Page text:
Mar 5, 201012:00 AM
Joie d'Eve

Living, loving, laughing, and learning in the new New Orleans

Tourist Trap

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I didn’t travel all that extensively as a child. There was a trip to visit my grandfather in Milwaukee when I was 4, the only thing about which I now remember is that my step-grandmother made me a snack of canned pears decorated to look like mice. There were numerous trips to the house in North Carolina that my parents built in the late ‘70s and to various beaches along the Gulf Coast. There were day trips in Bay St. Louis, and once, when my mother realized I’d never been on a train, she bought us Amtrak tickets to Hattiesburg, Miss. None of these places were particular tourist hot spots, but it didn’t matter: I knew what tourists looked like by virtue of growing up here, and at an early age, I knew I was never going to be caught dead wearing a fanny pack and snapping pictures at a popular landmark.

When I went to Washington, D.C., on a class trip just after eighth grade, I learned I was not alone. The kids from New Orleans were crammed on a tour bus with kids from Omaha, Neb., and Boise, Idaho, and we all rolled our eyes as they took group shots in front of the Washington Monument and bought souvenir T-shirts. When they started excitedly pointing at things, we snatched at their shirttails and hissed, “Stop it! You look like tourists!”

Bewildered, they said, “But … we are.”

And of course, they were right. We were the ones who had begged our parents to pay for this trip so that we could look bored, the ones who wanted to see new things just to pretend like we’d seen them a thousand times before, the ones who denied ourselves the thrill of discovering something in lieu of acting like we’d always known about it.

You’d think I might have learned my lesson then, but I didn’t. I lived next door to St. Louis for a decade but have never been up in the Arch. I went to L.A. to act like I’d lived in L.A. my whole life. I went to Vegas to avoid going anywhere near the Strip. I went to Chicago to scoff at people who wanted to eat deep-dish pizza and go up in the Sears Tower. And then I went to New York City.

I was visiting my best friend for a couple of weeks, and I’d packed an enormous suitcase, yet when I stepped off the plane, I decided that taking a taxi would be “touristy” rather than “sensible” and “sane” and “what anyone who’s not a complete moron would do.”

And so I and my enormous suitcase took a bus and then the subway –– without a map because that would make me look like I didn’t know what I was doing –– to Midtown. Had I a map, I would’ve known about express trains. Instead, I ended up getting off and on the same train about six times, wondering why I kept missing my stop. I did eventually break down and ask someone for directions, but my arms hurt for two days from carrying that goddamn suitcase, and I certainly didn’t prove anything besides the fact that I’m frequently both stupid and stubborn.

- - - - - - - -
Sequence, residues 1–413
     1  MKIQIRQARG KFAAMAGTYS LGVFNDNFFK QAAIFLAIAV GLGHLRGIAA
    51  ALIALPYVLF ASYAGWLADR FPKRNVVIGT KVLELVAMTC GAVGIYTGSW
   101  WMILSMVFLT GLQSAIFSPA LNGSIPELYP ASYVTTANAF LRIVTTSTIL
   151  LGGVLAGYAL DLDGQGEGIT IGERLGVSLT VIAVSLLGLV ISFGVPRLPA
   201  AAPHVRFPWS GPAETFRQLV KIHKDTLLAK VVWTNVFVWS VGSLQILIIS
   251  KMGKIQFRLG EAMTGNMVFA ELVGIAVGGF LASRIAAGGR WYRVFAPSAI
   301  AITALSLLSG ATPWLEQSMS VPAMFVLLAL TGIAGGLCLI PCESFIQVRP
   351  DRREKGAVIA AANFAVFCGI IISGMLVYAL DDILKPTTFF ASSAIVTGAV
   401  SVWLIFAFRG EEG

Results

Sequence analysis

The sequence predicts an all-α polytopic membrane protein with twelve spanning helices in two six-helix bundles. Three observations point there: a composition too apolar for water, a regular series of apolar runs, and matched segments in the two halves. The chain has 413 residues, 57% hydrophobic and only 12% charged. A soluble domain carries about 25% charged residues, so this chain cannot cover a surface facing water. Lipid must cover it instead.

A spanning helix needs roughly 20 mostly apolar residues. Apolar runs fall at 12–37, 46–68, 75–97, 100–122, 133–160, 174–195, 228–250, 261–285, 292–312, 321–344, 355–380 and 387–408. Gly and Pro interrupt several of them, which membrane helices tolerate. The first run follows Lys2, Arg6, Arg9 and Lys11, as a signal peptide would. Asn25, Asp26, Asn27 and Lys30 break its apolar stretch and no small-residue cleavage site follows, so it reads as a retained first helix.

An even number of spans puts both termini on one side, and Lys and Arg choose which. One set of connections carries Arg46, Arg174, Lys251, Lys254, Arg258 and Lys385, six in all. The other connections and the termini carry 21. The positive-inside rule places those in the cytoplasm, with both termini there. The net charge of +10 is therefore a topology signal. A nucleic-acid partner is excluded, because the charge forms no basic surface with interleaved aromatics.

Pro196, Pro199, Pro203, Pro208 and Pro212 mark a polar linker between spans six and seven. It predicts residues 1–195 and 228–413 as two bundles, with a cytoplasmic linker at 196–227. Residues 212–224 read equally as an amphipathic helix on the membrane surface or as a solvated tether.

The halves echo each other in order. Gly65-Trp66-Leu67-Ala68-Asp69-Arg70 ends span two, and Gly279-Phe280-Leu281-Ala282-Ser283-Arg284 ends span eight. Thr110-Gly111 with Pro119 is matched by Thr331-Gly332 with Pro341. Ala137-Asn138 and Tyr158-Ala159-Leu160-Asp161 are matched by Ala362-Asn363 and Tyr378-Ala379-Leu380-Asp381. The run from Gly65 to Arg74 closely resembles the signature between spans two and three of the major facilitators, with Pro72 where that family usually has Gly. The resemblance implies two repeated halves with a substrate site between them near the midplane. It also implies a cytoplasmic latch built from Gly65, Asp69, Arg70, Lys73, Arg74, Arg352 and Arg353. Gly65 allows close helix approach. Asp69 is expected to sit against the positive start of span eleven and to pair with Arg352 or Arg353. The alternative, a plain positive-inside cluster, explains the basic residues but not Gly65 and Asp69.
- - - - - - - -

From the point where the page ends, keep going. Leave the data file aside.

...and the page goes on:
My scorn for touristy activities didn’t stop me from having a good time in New York, but I still can’t say I’ve seen the Statue of Liberty, and I don’t have any snapshots of Times Square or Central Park to go along with all of the ones I don’t have from D.C.

Several years later, when my husband and I honeymooned in Mexico, I was at it again, lobbying to eschew the planned trips the resort had set up for us in favor of navigating the public transit system and having what I insisted would be “adventures.” Jamie calmly pointed out that I know maybe a dozen words of Spanish and have an appalling sense of direction, but I was still gung-ho –– until he played to my weaknesses for warmth and alcohol by suggesting that we drink piña coladas in the hot tub instead. And thank God, because I would probably still be wandering around in a sketchy part of Cancun saying “piso mojado” and “buenas noches” and “perro verde.”

I really don’t know if this –– oh, let’s call it a quirk of mine is a function of my personality or a direct result of growing up around annoying drunk tourists, but I don’t seem to be growing out of it.

I love to travel, but I have zero desire to go someplace just to go there. Disney World holds no appeal to me; neither does the Grand Canyon. I want to go to Seattle and San Francisco, but it’s to see my friends Bryan and Tommy, not to see the Space Needle and the Golden Gate Bridge.

Sometimes I wonder if I’m denying myself the fun of it all just because I’m obnoxiously self-conscious. I watch my father-in-law, Jim, who is one of my favorite people in the world mostly because he is so unapologetically himself, as he drinks Hurricanes in the French Quarter and mispronounces “grillades”  and “Tchoupitoulas” and takes a hundred pictures of Jackson Square and drive-through daiquiri stand signs. He looks like a tourist, yes, but he also looks like he’s having the time of his life. And then I imagine myself on the verge of tears, lugging a suitcase through a subway system I didn’t even begin to understand. Because he does it all with good humor, everyone is happy to help Jim get unlost or find a good meal or to take his picture on Bourbon Street. Because I won’t ask, I waste more than an hour going in circles underneath New York.

I don’t have any immediate travel plans, but I’m hopeful that I might finally be learning the lesson I flirted with learning when I was 13. I know I'm not ever going to be the type of person who gawks at the Hollywood sign or goes on a carriage ride in Central Park, but maybe, just maybe, I can set aside some of my disdain in favor of a little bit of wonder.

Reader Comments:
Mar 5, 2010 12:26 pm
 Posted by  gabby